Eight years is a long wait, but the Amarok fi­nally has the en­gine to si­lence even its harsh­est crit­ics

Car (South Africa) - - DRIVE -

THE bakkie crowd hasn’t ex­actly made it easy for Wolfs­burg’s leisure pickup, has it? When the Amarok was un­veiled eight years ago with a 2,0-litre tur­bod­iesel un­der the bon­net, the khaki set cried foul. Where was the 3,0-litre oil-burner to match the en­gine sizes of its ri­vals?

Global sales have been mid­dling; VW’S peo­ple can­didly ad­mit­ted as much when we vis­ited the com­pany’s head­quar­ters to sam­ple its new­est prod­uct. In South Africa, like­wise, dou­ble­cab ver­sions of the Hilux and Ranger have re­sound­ingly out­sold the Amarok.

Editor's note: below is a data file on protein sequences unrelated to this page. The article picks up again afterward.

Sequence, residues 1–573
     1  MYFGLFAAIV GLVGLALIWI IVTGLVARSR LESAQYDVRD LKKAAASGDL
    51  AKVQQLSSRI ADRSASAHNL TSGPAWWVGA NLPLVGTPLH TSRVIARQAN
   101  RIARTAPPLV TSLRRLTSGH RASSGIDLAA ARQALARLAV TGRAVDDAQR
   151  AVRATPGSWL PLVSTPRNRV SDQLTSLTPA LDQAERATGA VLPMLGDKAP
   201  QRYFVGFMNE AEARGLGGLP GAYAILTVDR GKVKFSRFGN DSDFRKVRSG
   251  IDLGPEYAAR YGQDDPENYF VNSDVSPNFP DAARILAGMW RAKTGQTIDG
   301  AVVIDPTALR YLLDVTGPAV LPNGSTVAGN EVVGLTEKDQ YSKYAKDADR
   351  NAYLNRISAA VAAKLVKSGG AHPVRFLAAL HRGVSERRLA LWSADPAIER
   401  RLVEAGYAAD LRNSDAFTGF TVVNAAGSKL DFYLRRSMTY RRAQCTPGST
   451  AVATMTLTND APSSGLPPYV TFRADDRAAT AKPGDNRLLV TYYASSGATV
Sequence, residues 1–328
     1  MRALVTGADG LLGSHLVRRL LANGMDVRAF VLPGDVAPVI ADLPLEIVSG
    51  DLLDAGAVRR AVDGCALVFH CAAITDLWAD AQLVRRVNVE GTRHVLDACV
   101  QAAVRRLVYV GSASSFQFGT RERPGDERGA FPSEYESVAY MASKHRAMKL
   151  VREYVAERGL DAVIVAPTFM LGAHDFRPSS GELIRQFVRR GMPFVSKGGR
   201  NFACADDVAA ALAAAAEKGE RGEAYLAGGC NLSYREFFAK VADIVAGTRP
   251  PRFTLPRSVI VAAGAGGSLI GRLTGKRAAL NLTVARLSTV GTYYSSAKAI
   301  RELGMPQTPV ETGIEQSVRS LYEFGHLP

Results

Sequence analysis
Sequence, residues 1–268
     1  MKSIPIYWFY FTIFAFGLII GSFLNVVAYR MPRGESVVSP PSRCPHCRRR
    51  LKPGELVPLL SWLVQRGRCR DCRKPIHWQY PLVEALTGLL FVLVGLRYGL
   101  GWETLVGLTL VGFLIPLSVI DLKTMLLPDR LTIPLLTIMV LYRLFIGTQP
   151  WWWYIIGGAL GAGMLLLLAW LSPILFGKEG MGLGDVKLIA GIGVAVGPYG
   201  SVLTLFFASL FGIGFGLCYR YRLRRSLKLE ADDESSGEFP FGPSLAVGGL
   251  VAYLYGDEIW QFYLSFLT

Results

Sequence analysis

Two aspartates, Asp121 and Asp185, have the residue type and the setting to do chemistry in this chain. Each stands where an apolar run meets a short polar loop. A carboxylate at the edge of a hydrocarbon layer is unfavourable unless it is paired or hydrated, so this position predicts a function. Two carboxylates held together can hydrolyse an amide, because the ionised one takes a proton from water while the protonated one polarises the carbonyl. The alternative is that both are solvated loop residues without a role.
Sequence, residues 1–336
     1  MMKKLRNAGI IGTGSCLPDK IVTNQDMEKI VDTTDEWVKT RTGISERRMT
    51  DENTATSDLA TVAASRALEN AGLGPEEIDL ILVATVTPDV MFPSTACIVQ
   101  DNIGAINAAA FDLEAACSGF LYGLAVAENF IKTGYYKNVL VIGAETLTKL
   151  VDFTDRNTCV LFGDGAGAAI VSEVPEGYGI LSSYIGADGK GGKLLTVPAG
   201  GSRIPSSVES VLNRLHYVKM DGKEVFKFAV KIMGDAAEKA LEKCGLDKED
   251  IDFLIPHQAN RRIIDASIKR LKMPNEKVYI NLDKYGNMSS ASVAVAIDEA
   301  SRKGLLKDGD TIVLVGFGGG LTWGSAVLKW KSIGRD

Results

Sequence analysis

And I find that per­plex­ing. Where leisure bakkies see the most use – on-road and in ur­ban set­tings – the Volk­swa­gen is the most com­fort­able ve­hi­cle of the lot, es­pe­cially when hooked up to the slick-shift­ing eight-speed torque-con­verter au­to­matic trans­mis­sion. Con­cerns about the re­li­a­bil­ity of the 2,0 BITDI en­gine have proven largely un­founded, too. We’ve heard of iso­lated is­sues, but we’ve also been in­formed of Rangers, Hiluxes and KBS ex­pe­ri­enc­ing the odd hic­cup.

What­ever the rea­son might be why lo­cal buy­ers take a sho’t

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